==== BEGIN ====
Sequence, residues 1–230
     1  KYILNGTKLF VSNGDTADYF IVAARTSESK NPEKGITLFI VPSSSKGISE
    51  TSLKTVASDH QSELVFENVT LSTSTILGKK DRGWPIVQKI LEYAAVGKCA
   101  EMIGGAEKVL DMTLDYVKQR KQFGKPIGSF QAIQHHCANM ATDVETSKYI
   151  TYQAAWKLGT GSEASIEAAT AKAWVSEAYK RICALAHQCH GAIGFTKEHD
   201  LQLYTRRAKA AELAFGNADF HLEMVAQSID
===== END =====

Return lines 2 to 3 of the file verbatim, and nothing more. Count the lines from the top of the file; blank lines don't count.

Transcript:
     1  KYILNGTKLF VSNGDTADYF IVAARTSESK NPEKGITLFI VPSSSKGISE
    51  TSLKTVASDH QSELVFENVT LSTSTILGKK DRGWPIVQKI LEYAAVGKCA